Am I “Ready to Run”?

A Book Review/Case Study with Kelly Starrett’s Twelve Standards of Running Readiness


Dr. Kelly Starrett, DPT, is the founder of CrossFit San Francisco where he coaches and treats athletes of all abilities. Kelly also runs MobilityWOD, and is the author of Becoming a Supple Leopard, Ready to Run, and Deskbound.

Like the #FitNerdPhysio I am, I can’t resist anything that has to do with running, reading, or pseudo-scientific experimentation on myself. This past spring, as a sort of “I passed my  NeuroAnatomy final and didn’t die” gift to myself, I bought Kelly Starrett’s Ready to Run, and decided to test it out on myself.  In Ready to Run, Kelly outlines twelve “standards” – of both lifestyle and movement – that one should meet in order to reduce risk of running injury and increase performance.  Studies show that up to 80% of runners have experienced injury at some point. Chances are, you’re one of them.  I’m DEFINITELY one of them.  Some people love KStar, some people think he’s full of $#!* (disclaimer I think he’s awesome).  I say,  what does an injured or injury-prone runner have to lose by at least trying this stuff out? Kelly is a Doctor of Physical therapy whose touched a LOT of lives.  Running through pain hasn’t really done much to help me in the past…why NOT try this approach?  I’m a runner….but am I ACTUALLY ready to run?


DISCLAIMER: I didn’t finish this experiment, and I was never actually ready to run because turns out I had a sizeable hole in my hip labrum. No amount of hip smashing is going to fix that. KStar has said it himself on multiple podcasts: “sometimes you just need surgery!”. But I did gain some insights into the effects of lifestyle and posture on pain and performance and I’m excited to continue the experiment once rehab is complete

Standard 1: Stand with Neutral Feet.

There are really two parts to this standard, one being “stand in a head-to-toe neutral position”, and the more important part being “STAND”. Throughout “Ready to Run”, Kelly hammers home the importance of standing, walking, MOVING more. Most of us sit a ton during the day; As a physical therapy student, I’m in class – sitting – up to 7 hours a day. I then go home and study. Save for my 2 hour workout, I’m actually pretty sedentary. I’m sure you’ve all heard the phrase “sitting is the new smoking”? I don’t quite agree with that, but there IS research to suggest that sedentary behavior is not doing us any favors. In fact, the American College of Sports Medicine  identifies “sedentary lifestyle” as one of the main risk factors for cardiovascular disease. Physical inactivity has also been linked to increased blood lipids and poor blood glucose control. Not great for your overall health, it would seem, and there is research that suggests even a daily planned bout of exercise won’t counteract the effects of spending the other 23 hours of your day off your feet. There is absolutely more research that needs to be done on this front, but let me put it this way: there is ZERO research to suggest that standing and moving have detrimental effects on health (I spent like four hours on PubMed trying to find it). So, at the VERY least, evidence suggests that sitting is not fantastic, and non-exercise activity, at worst, has neutral effects. Might as well stand up, right?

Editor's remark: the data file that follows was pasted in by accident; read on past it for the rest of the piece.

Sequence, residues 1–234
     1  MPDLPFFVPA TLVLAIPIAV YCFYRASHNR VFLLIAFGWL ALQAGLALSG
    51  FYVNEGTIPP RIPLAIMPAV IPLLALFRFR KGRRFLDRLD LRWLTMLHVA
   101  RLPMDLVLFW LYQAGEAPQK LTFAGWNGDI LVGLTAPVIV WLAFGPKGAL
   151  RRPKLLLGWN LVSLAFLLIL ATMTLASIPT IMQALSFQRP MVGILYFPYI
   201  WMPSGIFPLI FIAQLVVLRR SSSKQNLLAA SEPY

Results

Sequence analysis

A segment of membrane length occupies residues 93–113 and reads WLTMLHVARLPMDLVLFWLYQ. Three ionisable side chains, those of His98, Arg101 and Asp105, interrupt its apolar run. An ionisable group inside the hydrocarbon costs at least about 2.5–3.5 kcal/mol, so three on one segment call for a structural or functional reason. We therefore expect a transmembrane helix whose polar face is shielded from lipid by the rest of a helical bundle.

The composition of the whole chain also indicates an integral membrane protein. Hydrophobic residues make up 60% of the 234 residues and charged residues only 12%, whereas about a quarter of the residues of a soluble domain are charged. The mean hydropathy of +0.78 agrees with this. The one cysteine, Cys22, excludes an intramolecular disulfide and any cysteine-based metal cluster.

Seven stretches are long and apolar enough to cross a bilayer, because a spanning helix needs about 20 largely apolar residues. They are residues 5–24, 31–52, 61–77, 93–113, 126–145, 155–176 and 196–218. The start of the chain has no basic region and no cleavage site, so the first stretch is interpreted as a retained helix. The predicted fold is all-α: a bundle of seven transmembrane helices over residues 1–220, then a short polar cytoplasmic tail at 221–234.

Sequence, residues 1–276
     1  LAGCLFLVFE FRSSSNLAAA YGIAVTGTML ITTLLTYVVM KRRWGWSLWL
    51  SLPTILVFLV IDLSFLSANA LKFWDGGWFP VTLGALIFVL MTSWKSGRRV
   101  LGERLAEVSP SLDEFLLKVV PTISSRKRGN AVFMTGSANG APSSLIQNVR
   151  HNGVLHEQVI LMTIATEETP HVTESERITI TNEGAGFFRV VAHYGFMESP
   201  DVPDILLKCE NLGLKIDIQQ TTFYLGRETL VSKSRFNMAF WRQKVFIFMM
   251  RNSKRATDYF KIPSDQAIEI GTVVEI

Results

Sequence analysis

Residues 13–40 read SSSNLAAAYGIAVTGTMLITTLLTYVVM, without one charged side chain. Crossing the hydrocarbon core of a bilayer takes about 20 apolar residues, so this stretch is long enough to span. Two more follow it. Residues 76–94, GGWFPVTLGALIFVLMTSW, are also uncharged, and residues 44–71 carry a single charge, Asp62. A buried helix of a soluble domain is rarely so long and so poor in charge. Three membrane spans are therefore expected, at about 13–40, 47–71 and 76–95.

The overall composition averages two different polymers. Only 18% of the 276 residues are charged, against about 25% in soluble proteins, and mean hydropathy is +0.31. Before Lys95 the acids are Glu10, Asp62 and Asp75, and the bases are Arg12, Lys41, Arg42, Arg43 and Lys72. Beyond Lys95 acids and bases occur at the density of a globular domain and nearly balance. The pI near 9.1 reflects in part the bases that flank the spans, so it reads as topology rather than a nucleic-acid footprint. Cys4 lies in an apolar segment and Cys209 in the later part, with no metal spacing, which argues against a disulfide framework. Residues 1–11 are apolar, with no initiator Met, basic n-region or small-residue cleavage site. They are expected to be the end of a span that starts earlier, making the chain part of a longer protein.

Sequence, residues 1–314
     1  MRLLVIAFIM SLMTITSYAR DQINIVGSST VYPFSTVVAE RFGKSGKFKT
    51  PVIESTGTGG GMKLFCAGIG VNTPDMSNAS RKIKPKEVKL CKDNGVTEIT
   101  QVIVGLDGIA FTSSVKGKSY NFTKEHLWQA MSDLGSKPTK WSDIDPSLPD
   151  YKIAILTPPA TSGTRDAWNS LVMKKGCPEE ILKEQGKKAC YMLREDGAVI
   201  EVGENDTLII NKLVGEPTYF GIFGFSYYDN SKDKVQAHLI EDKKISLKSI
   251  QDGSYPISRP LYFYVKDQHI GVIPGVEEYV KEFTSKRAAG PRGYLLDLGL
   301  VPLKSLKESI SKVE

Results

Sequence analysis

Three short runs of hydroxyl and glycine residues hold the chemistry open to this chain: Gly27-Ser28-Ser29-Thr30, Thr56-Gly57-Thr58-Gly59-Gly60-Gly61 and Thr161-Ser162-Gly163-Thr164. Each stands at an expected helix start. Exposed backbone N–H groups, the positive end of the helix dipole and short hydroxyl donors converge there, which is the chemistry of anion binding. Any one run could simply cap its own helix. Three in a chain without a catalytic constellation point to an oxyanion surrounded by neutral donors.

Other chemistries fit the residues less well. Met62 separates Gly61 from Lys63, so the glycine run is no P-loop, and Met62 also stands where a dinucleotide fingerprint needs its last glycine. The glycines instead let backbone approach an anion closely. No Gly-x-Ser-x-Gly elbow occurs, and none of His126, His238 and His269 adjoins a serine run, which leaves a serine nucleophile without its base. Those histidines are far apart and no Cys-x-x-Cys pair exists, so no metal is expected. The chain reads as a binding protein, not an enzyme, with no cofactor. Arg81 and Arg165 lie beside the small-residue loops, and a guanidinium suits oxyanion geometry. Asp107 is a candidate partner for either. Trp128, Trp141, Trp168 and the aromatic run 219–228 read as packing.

Kelly says, “When you have a choice of whether to sit or stand [sometimes standing is not appropriate i.e on a dinner date at a fancy restaurant…], you should stand”. So, I tried it. I used the bar in my kitchen as a makeshift standing desk for all of my at-home study time. I started drinking my morning coffee standing up, and any meals that I ate at home by myself – standing. Whenever class was held in the room with high-low plinth tables, I made it a point to stand at one of them. Eventually I got to the point where the only real time I spent sitting was at dinner with my boyfriend, in classrooms without a standing option, and the hour before bed when I indulge in my favorite tv shows.

How did I feel?

First: THIS IS HARD. If you are not used to standing and moving all day, you are going to be sore – just as you would after doing large amounts of any activity that you’re unaccustomed to. I would recommend two things:

  1. Introduce standing gradually. If you have the luxury of a high countertop, or adjustable desk, try standing for an hour, then sitting for an hour. Back and forth. Maybe for one week you make the change of standing up to drink your morning coffee. The next week, add in an hour of work while standing. Progress gradually.
  1. Don’t just stand there….move around! Kelly makes this pretty clear in several podcast interviews as well as in his latest book Deskbound: Standing stationary for hours on end is not much better than sitting for hours on end. Prop your foot up. Shift your weight around. Take walk breaks. Give your body some movement variety
  2. If you must sit, due to either social pressures, workplace environment, or because your feet hurt, there are good and bad ways to sit.  Kelly goes into detail about proper sitting technique in his newest book, Deskbound.

So, after I got past the initial soreness and fatigue… did I feel?

Actually kind of awesome. Here’s what I noticed about standing more:

1.More energy, better focus.